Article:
The Backwards Blog Tour: Eager Readers!

(yeah, this guy!)

NOW! Introducing and announcing with great fanfare!!! A brand-spanking new blog feature!  An invention!


Why a backwards blog tour? you ask…

No particular reason. Just seemed like fun!

What’s a backwards blog tour? you ask…

Well, instead of running around the blogosphere, answering other people’s random (and often repetitive) questions… I’m inviting other folks  here, to answer ONE question!

What question might that be? you ask…

Why, I’m glad you’re so curious!  The question is: WHAT DO  YOU REMEMBER/LOVE/ HATE ABOUT READING EDWARD EAGER? Hence the name of the blog feature: Eager Readers!

Now, right about this time you might be thinking, Hey, tthat sounds totally random, Laurel!

And it does sound random, I know…but  see, I have a reason for all of this madness.

Because my new book, Any Which Wall, is a tribute to Edward Eager.  Best known for having penned Half Magic, Eager in fact  wrote a slew of funny, imaginative books betwen 1952 and 1962.  In these books, regular children, living in America, encountered magic, made mistakes, and had a lot of fun in a an everyday way.  Eager really helped pave the way (along with his hero, Edith Nesbit) for all the magic books kids love today. Percy Jackson,  Potter, etc…

Though of course, he wasn’t perfect, and not everyone loves him as I do.  (and if you don‘t love him, please shoot me an email and tell me why!)

But in trying to learn more about him, and in attempting to track down his family, I hit brick walls everywhere.  There’s just not much to be found.  I went in search of his grandchildren, and came up empty handed…

So instead of skipping blithely around the blogosphere this month, talking about myself, and harassing you all with amazon links at every turn…  I thought I’d celebrate my book release by asking  the blogosphere to come over here, for a party, to discuss and share tidbits and memories about this mysterious man. Eagerly!

Do you loathe his treatment of women?

Do you admire his use of herb gardens?

Do you have a particular memory of something from one of his books?


I hereby beg for/ request/ welcome/ invite thoughts from other people who have memories or thoughts about the books and life of Edward Eager.  I’d welcome anyone’s comments, and will happily post anything I get at laurelsnyder (at)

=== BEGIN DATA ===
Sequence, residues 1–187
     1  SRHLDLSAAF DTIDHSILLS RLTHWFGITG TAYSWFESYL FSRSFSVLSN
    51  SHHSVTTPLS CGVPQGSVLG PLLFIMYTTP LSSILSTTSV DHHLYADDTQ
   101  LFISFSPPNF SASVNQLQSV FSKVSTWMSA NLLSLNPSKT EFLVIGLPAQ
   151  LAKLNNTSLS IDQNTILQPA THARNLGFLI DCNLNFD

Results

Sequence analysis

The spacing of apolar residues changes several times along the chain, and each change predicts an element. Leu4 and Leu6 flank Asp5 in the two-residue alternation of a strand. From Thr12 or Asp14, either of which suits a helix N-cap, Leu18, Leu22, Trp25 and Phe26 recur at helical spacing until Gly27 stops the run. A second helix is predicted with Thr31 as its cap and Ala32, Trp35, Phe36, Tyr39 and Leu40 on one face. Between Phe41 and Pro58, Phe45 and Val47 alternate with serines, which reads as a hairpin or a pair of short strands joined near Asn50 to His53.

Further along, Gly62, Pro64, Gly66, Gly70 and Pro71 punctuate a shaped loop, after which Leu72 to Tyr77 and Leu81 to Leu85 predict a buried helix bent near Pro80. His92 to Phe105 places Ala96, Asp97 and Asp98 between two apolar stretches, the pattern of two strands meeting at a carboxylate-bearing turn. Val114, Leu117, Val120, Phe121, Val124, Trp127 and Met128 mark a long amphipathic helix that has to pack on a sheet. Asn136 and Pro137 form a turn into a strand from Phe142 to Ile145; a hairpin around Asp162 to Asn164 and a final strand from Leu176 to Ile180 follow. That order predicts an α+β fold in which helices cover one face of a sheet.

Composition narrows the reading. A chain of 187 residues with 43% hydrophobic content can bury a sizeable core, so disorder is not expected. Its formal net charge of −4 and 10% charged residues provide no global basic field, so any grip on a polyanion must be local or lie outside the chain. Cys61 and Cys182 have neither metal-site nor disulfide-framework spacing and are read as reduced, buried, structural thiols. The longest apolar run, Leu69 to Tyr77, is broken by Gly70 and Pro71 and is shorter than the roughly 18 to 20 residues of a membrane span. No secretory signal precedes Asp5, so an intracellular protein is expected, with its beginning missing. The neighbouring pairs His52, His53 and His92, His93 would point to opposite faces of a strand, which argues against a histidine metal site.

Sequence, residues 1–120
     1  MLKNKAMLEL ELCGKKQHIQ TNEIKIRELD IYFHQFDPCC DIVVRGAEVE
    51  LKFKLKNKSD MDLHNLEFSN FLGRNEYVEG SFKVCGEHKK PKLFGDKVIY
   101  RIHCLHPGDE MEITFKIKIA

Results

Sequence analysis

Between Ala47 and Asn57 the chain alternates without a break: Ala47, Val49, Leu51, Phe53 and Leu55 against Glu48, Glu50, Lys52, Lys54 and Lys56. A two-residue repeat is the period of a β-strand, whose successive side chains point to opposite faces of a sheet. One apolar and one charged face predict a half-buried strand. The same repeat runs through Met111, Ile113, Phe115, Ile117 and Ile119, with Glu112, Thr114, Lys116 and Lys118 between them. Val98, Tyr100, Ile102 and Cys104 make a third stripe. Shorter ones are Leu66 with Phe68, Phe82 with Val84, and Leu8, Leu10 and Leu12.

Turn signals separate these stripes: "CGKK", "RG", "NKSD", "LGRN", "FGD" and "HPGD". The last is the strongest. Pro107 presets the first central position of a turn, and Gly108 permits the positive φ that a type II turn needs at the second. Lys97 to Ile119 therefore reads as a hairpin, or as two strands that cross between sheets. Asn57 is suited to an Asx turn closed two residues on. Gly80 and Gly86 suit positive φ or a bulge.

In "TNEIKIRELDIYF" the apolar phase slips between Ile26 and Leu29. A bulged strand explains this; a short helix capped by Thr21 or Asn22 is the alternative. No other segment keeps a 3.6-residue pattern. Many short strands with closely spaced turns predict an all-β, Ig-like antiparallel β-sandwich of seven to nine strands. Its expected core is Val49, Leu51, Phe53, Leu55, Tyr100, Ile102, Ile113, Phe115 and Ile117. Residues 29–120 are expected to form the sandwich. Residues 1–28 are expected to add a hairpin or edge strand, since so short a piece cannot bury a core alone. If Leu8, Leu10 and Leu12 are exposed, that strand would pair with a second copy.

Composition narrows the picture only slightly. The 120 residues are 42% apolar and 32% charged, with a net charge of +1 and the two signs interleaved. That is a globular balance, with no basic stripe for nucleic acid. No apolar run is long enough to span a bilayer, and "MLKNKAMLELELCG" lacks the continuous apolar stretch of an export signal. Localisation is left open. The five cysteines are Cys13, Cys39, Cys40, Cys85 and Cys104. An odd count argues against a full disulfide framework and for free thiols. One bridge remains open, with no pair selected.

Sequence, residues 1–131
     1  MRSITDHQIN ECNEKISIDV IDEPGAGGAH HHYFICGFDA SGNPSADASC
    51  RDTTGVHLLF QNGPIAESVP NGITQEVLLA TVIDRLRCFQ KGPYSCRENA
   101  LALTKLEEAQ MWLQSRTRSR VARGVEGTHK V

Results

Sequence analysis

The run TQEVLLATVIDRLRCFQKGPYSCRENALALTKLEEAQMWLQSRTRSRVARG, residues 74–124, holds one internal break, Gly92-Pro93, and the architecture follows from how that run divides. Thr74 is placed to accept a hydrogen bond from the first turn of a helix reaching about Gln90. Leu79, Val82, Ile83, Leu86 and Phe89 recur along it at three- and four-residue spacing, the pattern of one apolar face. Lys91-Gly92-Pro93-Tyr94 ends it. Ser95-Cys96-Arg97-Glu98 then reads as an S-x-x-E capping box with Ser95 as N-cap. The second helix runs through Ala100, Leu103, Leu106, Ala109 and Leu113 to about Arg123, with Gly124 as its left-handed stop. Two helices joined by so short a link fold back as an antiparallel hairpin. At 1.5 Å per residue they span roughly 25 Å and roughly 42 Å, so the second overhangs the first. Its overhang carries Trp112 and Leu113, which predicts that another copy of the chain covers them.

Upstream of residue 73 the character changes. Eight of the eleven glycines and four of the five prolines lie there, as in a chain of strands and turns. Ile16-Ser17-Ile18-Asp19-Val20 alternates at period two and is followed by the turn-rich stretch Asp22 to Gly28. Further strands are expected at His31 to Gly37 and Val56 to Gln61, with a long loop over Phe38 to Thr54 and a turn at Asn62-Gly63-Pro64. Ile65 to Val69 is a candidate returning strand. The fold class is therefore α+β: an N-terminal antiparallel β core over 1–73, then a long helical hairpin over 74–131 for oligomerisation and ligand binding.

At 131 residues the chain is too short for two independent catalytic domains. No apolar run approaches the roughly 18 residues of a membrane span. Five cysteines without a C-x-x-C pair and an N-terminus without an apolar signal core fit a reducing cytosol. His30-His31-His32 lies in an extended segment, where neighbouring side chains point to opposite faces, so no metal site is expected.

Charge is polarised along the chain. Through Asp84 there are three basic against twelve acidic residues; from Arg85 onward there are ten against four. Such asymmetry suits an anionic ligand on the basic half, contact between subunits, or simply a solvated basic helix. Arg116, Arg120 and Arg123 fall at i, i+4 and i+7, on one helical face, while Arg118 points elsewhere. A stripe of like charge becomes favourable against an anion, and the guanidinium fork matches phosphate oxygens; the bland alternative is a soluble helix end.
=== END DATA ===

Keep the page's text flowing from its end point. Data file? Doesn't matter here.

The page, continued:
Stay tuned for more!!!

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2 Responses to “The Backwards Blog Tour: Eager Readers!”

  1. Molly MacRae Says:

    I loved Edward Eager from the moment I stumbled across Half Magic, in our tiny school library, and read the first half page sometime back in the mid 60s. It was one of the best and most memorable books I read as a child – ranking right up there with Charlotte’s Web, The Wizard of Oz, and The Wind in the Willows. I never forgot the book, but didn’t see it again until thirty years later and hundreds of miles away during a boring PTA meeting in my sons’ even measlier school library. I turned to look at the bookshelf (to hide my rolling eyes) and there was Half Magic nudging my elbow. I fell in love all over again. It took another ten years, though, and a job in the children’s department of yet another library, before I discovered Eager’s other books. I’ve since read them all and recommend them often (and eagerly). In fact, Half Magic is on our list of 110 books every child should know, a list we put together commemorating our 110th anniversary as children’s department in a public library.

  2. Donald Jeffries Says:

    As an author myself (“The Unreals,” a sci-fi/fantasy published in 2007), I was inspired as a youngster by many wonderful writers. Some of my fondest childhood memories revolve around reading Edward Eager’s magical works. The characters were real and I could relate to them, even though the first two books I read (“Half Magic” and “Magic By The Lake”) took place in the 1920s. As a boy, it was refreshing to find female characters that were so interesting (three of the four children in those two stories were girls).

    Like Laurel, I also find the almost total lack of information about Eager’s personal life to be frustrating. It is hard to understand how such a celebrated literary figure, who didn’t die until 1964, could leave so few biographical footprints behind him. I also have tried to track down any family members, with just as little success.

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